Decades of U.S. hostility designed to prevent Iran’s natural emergence as a regional leader with an independent foreign policy has only cemented the control over Iran of conservative, religious, militaristic, repressive politicians. U.S. repression of Iran provokes Tehran’s repression of the Iranian people. U.S. threats against Iran stimulate the dangerous rise of an Iranian garrison state. The zero-sum attitude of Washington toward Iran has provoked exactly what U.S. foreign policy was allegedly designed to prevent. Perhaps someone should rethink the policy.

The ultimate policy failure is a "fix" that provokes the feared outcome.
Viewing this serious example of creeping policy failure pushing the world ever closer to the nuclear cliff more analytically, the following steps can be identified theoretically:

  1. a symptom is identified that is interpreted as indicating the imminence of some feared outcome;
  2. a "fix" is implemented;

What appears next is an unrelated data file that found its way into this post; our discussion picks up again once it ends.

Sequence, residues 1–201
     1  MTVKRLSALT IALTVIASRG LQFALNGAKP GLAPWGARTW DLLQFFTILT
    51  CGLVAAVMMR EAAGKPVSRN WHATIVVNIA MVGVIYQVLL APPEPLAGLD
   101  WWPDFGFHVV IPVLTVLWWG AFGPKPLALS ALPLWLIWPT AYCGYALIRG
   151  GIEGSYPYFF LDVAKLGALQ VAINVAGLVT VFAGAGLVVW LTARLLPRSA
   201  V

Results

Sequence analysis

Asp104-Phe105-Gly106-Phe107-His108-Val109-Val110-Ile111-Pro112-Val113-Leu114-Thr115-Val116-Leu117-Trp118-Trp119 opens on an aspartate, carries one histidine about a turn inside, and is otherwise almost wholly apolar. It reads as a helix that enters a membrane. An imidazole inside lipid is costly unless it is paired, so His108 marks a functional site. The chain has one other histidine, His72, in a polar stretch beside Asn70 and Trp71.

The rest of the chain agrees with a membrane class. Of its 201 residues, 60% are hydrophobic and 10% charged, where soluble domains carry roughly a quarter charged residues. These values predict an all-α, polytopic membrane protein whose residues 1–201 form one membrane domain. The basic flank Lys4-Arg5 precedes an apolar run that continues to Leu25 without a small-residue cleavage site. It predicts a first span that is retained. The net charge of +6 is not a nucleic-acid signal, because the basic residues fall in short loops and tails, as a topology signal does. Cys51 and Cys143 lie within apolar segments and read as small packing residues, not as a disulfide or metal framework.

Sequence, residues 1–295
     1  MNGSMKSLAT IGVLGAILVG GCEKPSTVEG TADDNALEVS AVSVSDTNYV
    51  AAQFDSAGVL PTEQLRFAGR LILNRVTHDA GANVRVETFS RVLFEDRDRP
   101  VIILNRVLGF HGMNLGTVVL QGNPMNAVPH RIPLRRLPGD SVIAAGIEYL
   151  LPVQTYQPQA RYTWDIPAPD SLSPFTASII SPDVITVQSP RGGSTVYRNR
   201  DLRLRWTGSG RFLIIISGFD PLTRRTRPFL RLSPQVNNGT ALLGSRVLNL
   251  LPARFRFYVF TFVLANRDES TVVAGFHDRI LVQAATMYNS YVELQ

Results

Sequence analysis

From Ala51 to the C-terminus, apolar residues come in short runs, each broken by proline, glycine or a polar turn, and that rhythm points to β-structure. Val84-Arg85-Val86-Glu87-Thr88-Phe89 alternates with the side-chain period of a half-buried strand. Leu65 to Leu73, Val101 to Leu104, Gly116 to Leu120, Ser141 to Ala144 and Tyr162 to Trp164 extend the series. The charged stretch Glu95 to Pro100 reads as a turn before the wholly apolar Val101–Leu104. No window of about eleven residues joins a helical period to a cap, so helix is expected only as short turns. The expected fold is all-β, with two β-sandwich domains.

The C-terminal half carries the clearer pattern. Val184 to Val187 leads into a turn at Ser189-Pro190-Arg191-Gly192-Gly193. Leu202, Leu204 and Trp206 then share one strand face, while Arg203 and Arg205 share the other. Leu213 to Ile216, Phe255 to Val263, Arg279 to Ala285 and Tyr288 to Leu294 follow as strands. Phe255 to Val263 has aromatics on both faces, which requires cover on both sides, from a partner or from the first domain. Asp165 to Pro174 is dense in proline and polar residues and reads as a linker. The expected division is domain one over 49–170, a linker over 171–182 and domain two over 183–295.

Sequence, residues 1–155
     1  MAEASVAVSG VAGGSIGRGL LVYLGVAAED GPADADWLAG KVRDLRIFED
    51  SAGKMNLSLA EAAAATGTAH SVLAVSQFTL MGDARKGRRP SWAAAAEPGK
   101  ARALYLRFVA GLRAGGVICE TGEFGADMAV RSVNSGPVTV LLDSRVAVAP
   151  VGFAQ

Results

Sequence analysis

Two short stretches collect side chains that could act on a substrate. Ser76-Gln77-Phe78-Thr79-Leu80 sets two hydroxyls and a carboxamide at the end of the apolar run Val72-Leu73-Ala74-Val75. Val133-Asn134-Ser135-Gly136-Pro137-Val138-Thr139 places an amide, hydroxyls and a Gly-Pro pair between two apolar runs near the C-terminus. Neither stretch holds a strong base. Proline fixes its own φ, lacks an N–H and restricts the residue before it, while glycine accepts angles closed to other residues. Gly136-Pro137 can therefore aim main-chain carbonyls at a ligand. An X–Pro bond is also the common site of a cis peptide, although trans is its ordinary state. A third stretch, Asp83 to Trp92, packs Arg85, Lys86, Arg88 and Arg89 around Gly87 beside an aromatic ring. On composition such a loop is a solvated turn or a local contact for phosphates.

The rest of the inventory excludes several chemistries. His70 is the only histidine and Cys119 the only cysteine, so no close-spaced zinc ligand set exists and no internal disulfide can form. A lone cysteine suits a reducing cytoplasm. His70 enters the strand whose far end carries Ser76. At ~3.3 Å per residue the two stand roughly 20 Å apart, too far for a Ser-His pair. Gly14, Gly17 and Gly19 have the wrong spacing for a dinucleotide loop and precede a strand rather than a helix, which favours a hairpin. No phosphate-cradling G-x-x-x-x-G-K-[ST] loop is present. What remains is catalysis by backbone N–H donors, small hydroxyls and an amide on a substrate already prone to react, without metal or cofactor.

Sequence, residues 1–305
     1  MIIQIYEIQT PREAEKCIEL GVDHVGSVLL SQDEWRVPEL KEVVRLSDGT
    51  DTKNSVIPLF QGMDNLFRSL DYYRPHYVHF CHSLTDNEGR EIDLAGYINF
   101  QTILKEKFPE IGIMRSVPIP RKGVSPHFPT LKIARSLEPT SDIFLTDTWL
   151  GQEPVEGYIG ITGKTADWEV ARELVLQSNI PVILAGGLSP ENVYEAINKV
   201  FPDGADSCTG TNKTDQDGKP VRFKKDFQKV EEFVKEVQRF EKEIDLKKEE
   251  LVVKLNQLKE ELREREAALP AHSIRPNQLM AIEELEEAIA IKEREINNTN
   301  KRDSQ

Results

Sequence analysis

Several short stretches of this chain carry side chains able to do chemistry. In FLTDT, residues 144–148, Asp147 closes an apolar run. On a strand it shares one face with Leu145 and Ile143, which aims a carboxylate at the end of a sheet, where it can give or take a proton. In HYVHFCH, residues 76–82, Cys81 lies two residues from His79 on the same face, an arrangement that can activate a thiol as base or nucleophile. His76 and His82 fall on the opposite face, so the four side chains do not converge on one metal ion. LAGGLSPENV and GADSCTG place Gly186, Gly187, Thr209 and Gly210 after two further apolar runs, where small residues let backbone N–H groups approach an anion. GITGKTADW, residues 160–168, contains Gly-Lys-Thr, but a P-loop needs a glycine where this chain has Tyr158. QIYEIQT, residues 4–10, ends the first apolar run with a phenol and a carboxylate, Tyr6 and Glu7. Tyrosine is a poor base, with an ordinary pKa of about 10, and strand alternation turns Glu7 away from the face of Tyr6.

3. the "fix" in fact provokes the feared outcome.
Given this failure, one never knows for sure if the original symptom in fact was an indication that the feared outcome was approaching.

Washington's hostility provokes Iranian resolve.

In the case of U.S. policy toward Iran, the more prominent the regional role that Iran plays, following the blue arrows in the diagram, the greater Washington's effort to prevent Iran's emergence as a regional power. Encircling Iran with threatening military force, diplomatic exclusion from regional decision making, the construction of an anti-Iran alliance, and economic warfare against Iran are Washington's specific tools. While the immediate impact of Washington's fix may be to constrain Tehran's freedom of movement (the returning blue arrow), the longer-term impact (red arrows) is to provoke a rise in Tehran's resolve and capacity. (One could graph a very important internal reinforcing feedback loop here as well, with Tehran's rising self-reliance--e.g., its uranium refinement program, its manufacture of defensive missiles copying those Washington persuaded Moscow not to sell, its increasing refinement of gasoline--stiffening Tehran's resolve and its stiffening resolve inducing further efforts to increase its capacity.)